Passion vs. Obsession
I have a love/hate relationship with Jane Hamilton's book The Short History of a Prince. There are some passages that resonated with me and I wanted to savor them, and yet, as I read, I found myself distracted, looking ahead, wondering when I would be finished.
The story is compelling enough. A gay English teacher at mid-life reflects on his senior year of high school when he's challenged by the illness and death of his brother, his love yet lack of talent for dance, his attraction for the same sex, and his confusing relationships with family and friends. The book travels between two time periods, 1972-73 when Walter, the main character and his friends are in high school, and 1996 when he looks back over his life.
As I struggled with this book and with my own work, I realized it was a matter of passion versus obsession. When I'm passionate about something or when I read passionate writing, it motivates me to read more and write more. When something I read or write feels obsessive, I get frustrated and want to stop reading and give up writing.
In the dictionary the word passion (as related to this paper) is described as an intense or overpowering emotion such as love, joy, hatred or anger; a keen interest in a particular subject or activity; the object of somebody's intense interest or enthusiasm.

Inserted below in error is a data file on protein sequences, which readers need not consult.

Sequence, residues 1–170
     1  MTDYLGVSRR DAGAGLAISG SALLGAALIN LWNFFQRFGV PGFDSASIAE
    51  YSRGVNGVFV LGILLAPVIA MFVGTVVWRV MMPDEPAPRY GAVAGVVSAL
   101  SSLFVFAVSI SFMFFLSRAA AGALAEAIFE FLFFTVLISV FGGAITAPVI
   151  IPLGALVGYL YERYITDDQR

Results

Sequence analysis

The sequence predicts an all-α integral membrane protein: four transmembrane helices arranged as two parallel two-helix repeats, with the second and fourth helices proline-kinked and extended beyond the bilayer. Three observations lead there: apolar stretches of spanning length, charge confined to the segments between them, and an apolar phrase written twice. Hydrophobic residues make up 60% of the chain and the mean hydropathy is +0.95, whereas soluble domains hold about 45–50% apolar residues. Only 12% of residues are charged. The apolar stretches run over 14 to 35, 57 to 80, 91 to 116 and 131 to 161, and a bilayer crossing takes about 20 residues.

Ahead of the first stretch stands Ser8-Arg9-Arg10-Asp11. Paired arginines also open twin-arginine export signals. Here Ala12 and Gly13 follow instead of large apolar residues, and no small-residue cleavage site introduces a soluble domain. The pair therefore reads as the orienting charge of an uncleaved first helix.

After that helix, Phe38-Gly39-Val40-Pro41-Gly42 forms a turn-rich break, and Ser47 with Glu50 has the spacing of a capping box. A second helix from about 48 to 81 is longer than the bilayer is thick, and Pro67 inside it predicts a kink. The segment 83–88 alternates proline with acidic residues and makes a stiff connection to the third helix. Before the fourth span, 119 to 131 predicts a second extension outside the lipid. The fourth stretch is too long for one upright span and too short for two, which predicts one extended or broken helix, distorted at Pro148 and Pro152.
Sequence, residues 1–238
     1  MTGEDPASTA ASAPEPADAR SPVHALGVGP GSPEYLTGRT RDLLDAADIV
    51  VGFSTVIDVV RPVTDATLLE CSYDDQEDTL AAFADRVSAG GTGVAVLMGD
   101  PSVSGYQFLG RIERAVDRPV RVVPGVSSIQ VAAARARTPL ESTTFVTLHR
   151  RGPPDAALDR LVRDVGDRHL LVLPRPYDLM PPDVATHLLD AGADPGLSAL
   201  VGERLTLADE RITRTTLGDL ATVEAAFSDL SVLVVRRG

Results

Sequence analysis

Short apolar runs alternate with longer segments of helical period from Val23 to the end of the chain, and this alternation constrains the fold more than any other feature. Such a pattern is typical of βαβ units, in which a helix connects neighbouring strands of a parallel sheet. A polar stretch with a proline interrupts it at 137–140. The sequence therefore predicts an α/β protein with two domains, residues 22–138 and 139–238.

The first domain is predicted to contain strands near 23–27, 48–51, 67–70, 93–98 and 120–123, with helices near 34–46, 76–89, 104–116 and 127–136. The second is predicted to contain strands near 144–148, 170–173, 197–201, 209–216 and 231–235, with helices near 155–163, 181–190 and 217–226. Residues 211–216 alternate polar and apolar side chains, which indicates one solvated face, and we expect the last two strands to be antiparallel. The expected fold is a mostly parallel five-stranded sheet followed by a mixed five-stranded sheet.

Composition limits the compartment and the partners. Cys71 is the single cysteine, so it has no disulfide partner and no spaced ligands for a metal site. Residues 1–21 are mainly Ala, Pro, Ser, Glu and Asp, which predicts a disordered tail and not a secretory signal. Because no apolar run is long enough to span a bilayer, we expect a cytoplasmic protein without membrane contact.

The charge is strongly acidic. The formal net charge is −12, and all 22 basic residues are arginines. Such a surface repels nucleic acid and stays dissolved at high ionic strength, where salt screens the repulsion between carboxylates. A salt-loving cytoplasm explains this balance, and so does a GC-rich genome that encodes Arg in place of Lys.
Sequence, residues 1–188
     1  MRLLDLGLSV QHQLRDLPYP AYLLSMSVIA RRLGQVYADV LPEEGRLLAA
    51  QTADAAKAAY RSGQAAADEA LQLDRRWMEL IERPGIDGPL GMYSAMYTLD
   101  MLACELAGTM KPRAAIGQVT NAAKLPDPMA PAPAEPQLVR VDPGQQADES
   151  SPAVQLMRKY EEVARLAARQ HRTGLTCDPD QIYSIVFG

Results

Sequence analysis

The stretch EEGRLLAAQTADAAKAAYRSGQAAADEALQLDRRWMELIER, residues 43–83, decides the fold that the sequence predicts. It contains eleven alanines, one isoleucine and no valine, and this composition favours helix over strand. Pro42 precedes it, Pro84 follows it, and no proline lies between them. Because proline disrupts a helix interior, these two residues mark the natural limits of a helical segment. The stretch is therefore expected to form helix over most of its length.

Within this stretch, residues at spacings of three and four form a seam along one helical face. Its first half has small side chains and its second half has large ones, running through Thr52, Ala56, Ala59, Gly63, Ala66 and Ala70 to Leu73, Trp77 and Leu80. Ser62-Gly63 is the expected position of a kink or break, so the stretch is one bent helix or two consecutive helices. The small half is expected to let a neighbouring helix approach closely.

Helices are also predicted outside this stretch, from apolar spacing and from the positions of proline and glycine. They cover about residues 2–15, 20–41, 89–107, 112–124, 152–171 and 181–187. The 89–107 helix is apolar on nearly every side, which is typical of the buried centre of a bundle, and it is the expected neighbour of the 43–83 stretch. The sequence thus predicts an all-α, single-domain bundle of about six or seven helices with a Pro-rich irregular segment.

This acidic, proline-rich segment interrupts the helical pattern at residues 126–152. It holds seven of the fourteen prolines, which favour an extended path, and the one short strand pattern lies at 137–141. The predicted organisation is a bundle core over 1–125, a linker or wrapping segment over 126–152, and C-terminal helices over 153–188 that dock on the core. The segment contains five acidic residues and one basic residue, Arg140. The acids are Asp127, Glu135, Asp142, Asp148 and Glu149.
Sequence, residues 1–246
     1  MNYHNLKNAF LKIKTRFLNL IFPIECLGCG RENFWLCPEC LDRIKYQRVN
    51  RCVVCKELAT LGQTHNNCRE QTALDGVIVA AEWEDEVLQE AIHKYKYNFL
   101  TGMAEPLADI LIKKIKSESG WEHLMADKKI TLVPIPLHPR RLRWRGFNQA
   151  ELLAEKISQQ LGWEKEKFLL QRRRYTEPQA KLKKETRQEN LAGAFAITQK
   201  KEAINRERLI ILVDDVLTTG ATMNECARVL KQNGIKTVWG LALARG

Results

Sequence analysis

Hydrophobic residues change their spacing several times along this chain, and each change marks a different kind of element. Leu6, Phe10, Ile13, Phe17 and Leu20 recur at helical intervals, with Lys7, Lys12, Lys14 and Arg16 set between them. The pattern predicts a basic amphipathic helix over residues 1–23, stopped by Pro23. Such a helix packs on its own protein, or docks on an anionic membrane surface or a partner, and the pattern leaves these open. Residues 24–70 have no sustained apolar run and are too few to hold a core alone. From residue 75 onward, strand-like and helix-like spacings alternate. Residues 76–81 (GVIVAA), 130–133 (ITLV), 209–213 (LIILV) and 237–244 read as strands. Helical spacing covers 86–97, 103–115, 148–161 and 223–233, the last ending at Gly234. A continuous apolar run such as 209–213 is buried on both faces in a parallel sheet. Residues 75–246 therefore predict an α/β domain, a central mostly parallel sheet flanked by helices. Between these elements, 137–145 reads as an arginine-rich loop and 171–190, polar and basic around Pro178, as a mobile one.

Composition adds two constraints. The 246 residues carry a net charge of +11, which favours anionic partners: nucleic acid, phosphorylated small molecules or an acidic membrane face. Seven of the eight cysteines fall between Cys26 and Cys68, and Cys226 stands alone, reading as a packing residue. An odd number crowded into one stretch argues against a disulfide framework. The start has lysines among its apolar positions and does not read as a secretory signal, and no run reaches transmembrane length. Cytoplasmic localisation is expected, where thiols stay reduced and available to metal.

Obsession on the other hand is defined as an idea or feeling that completely occupies the mind; the state of being obsessed by somebody or something; the uncontrollable persistence of an idea or emotion in the mind, sometimes associated with psychiatric disorder mania, fascination, fixation, desire, fetish, craze, fad.
In looking at these definitions there can be places where these two terms seem to overlap. Passion is a drive that's healthy and gives you energy. Obsession is also a drive that can turn into a sickness and sap your strength. Passion is lasting while obsession is temporary. It's the bewildering difference between a crush and a true love relationship; the fine line between a wine connoisseur and an alcoholic.
Jane Hamilton, in an interview about Prince was asked about her Walter character. She stated: "I wanted to write about someone who had a passion to dance but had no talent, like myself." (Hamilton interview)
Hamilton's passion for dance is clearly revealed in a passage she writes from Walter's point of view where he shares his feelings about dance with his aunt. He's involved in a Nutcracker production that he knows is second-rate and wonders why he's enjoying it so much.
"Why do you dance, Walter? Why do you take lessons?"
He was panting from the strain of the conversation. She was asking all the difficult questions. "I know I'm not any good," he whispered...
"So why do you keep on," she persisted, "if you think you're not any good?"
"Because," he choked, "I feel it."
"Yes, that's it."
"I feel the ideas and the patterns and the abstraction of the beauty, and—"
"Yes, you do. And you feel the meaning strongly enough you'll no doubt convey something of it. I don't think you can help it. I'd wager that you enjoy the rehearsals of this so-called tawdry production because you're communicating. In other words, you're succeeding." (Hamilton, p. 133)
Hamilton's quote evokes passion because it touches on a universal theme, something that people can relate to and apply in their lives. It wouldn't have to be about dance. It could be about anything - singing, playing an instrument, running, baseball, or painting.
Hamilton's passage also works well because she writes passionately about someone's passion. According to her example passion means feeling strongly about something and conveying that feeling to someone else.